Brandin Cooks

Cowboys’ Brandin Cooks Suffers MCL Sprain

SEPTEMBER 17: Cooks will indeed miss today’s game against the Jets, per ESPN’s Adam Schefter. There is not yet any confirmation that Cooks will be able to suit up next week.

SEPTEMBER 14: The early part of Brandin Cooks‘ Cowboys tenure may involve an injury-driven absence. The veteran deep threat is dealing with an MCL sprain, according to the Fort Worth Star-Telgram’s Clarence Hill.

Although Cooks played through his recent injury to close out the Cowboys’ 40-0 romp over the Giants, his Week 2 status is up in the air. This injury commonly causes players to miss at least multiple games, though timetables vary. Cooks sustained a grade 1 sprain, the Dallas Morning News’ David Moore tweets, adding the team does not view it as a multiweek injury.

Cooks played 39 offensive snaps Sunday night and, per the Dallas Morning News’ Michael Gehlken, was walking without favoring the knee ailment this week. While Cooks said he feels good, it would not surprise to see the Cowboys exercise caution here. The team sent fifth- and sixth-round draft choices to the Texans for Cooks in March. Two years remain on the accomplished wideout/trade mainstay’s contract.

Dallas did not need much in the way of receiver contributions in Week 1, but the Week 2 Jets matchup will present tougher assignments for the team’s set of pass catchers. The team has starters CeeDee Lamb and Michael Gallup healthy, the latter now being nearly two years removed from a career-sidetracking ACL tear. The team also saw offseason improvement from 2022 third-rounder Jalen Tolbert, who struggled to make an impact as a rookie. Tolbert caught just two passes last season.

Injury absences have not been common for Cooks in his career. A calf injury sidelined the well-traveled veteran briefly last season, following his short time away from the team after trade talks did not produce an in-season deal. From 2015-21, however, Cooks combined to miss only four games. A two-concussion 2019 season proved concerning, and the Rams dealt the former first-round pick to the Texans months later. But Cooks has otherwise not needed to navigate much on the injury front.

Joining Brandon Marshall in totaling 1,000-yard receiving seasons for four franchises, Cooks is trying to make NFL history by clearing that bar for a fifth. The most recent of Cooks’ six 1,000-yard years came in Houston with Davis Mills as the primary triggerman. Seventh-round rookie Jalen Brooks and return man KaVontae Turpin are the other receivers on Dallas’ 53-man roster. Brooks was inactive Sunday night. Veteran Tyron Johnson resides on Dallas’ practice squad.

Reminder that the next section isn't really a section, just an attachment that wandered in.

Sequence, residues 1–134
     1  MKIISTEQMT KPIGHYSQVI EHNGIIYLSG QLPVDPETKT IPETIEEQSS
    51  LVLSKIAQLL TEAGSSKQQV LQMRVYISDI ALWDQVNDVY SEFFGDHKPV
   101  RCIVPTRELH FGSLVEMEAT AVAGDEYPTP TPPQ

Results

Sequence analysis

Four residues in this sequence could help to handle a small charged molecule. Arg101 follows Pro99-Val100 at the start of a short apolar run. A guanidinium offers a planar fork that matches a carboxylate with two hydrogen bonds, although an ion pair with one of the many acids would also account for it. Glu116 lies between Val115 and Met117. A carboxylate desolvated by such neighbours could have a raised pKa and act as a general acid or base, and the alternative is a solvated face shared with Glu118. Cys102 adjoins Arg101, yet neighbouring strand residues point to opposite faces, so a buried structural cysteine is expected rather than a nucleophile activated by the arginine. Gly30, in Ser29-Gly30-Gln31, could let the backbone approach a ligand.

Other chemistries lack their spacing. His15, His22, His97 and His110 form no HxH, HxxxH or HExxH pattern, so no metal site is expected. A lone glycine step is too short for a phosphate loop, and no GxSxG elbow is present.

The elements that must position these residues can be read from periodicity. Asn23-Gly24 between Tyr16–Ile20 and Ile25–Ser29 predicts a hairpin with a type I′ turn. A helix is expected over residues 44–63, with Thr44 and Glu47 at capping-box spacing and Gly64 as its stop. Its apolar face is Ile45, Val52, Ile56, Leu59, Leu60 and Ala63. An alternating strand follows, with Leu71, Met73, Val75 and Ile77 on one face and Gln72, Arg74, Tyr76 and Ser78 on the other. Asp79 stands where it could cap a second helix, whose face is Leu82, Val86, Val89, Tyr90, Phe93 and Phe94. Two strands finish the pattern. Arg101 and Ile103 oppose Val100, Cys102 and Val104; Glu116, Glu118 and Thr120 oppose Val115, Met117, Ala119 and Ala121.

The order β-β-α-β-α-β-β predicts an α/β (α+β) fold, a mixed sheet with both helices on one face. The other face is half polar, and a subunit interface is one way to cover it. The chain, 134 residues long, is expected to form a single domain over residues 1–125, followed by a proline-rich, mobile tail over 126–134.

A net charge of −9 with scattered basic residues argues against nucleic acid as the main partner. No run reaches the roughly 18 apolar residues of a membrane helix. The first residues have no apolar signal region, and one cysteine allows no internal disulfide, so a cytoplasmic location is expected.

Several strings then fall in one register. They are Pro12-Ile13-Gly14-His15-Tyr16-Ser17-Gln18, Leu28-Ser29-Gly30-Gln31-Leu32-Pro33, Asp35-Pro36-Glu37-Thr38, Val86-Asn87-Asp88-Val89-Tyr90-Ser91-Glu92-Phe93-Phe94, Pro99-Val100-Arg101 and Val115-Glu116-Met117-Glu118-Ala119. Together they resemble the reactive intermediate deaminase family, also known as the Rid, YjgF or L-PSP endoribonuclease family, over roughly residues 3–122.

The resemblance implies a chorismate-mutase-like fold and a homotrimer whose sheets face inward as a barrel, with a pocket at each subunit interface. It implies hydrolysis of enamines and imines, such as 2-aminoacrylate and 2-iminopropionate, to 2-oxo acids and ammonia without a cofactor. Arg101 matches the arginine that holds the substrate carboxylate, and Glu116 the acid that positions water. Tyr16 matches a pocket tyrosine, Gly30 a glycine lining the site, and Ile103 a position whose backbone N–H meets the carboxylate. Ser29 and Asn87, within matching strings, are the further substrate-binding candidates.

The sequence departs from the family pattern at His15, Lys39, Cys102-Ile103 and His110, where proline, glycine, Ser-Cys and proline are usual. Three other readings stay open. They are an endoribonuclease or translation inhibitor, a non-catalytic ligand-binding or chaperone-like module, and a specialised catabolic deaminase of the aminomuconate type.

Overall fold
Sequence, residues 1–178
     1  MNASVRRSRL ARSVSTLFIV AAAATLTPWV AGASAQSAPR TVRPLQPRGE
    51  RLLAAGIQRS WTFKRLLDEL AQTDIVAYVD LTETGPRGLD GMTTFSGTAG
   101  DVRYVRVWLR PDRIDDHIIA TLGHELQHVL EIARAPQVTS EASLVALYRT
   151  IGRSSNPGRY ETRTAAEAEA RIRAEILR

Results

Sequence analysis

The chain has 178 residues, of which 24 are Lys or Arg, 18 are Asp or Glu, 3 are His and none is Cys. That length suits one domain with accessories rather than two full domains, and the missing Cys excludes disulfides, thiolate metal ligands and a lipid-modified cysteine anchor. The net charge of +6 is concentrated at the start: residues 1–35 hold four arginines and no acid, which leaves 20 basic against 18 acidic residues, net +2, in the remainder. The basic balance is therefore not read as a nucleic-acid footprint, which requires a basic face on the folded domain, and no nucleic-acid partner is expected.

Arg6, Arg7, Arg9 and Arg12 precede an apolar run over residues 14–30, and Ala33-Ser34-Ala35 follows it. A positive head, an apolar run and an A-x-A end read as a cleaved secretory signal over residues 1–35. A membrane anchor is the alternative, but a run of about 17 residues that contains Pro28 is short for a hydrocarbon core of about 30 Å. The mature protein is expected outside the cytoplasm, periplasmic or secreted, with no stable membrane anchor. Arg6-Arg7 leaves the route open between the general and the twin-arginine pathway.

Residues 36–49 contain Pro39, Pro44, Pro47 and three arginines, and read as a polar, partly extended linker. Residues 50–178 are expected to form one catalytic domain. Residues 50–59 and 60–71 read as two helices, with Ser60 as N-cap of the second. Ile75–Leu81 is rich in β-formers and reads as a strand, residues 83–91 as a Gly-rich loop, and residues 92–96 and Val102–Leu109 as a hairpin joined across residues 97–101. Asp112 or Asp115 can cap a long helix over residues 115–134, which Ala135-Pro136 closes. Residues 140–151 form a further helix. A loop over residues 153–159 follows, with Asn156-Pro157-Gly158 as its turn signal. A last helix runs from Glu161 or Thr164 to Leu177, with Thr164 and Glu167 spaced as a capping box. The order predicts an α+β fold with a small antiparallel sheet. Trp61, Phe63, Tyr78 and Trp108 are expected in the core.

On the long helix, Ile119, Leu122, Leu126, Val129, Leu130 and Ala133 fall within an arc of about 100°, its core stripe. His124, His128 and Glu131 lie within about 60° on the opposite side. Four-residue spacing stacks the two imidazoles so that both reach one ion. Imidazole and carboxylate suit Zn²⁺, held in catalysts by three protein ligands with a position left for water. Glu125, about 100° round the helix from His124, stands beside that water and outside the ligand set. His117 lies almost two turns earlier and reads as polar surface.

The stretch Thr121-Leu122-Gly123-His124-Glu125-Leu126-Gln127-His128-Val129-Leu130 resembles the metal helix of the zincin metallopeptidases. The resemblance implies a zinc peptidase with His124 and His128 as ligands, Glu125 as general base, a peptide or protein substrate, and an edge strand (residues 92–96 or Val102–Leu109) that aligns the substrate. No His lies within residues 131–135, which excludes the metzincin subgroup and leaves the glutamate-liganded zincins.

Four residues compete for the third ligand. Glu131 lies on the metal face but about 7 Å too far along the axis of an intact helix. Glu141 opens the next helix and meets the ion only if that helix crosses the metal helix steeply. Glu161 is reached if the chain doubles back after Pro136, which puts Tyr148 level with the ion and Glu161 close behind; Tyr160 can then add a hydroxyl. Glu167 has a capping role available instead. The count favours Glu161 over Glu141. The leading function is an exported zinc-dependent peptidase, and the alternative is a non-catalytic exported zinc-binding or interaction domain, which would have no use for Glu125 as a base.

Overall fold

Cowboys Acquire WR Brandin Cooks From Texans

MARCH 20: Upon acquiring the oft-traded wideout, the Cowboys restructured his deal. They moved $8MM of Cooks’ $12MM 2023 base salary into a signing bonus, Todd Archer of tweets. Cooks’ cap number will drop to $6MM in 2023, per Archer. It had resided at $12.4MM. Two void years are now attached to the 10th-year receiver’s deal, Archer adds (on Twitter). Cooks’ 2024 base salary is now $8MM — down from $13MM.

MARCH 19: Wide receiver Brandin Cooks has been traded once again. The Texans have agreed to send the 29-year-old to the Cowboys, as Adam Schefter of reports (via Twitter). Schefter’s ESPN colleague, Jeremy Fowler, first reported that the two sides were working on a deal, and Ian Rapoport of adds that Dallas is giving up a 2023 fifth-round choice (No. 161) and a 2024 sixth-rounder in the swap (Twitter links).

Cooks is under contract through 2024, and he is due a fully-guaranteed $18MM base salary in 2023. That number — along with the Texans’ ask of a second-round pick — became an obstacle in trade talks involving Cooks at last year’s trade deadline, as interested clubs wanted Houston to pay down a significant portion of Cooks’ salary. According to Aaron Wilson of KPRC2, the Texans will pay $6MM of Cooks’ $18MM salary to facilitate the deal (Twitter link).

Cooks, a first-round pick of the Saints in 2014, was traded to the Patriots in March 2017, to the Rams in April 2018, and to the Texans in April 2020. In six of his nine professional seasons, the Oregon State product has topped 1,000 receiving yards, and his career 13.7 yards-per-reception rate is indicative of his status as a vertical threat. Over his first two seasons with the Texans, Cooks averaged roughly 85 catches and 1,100 yards per year.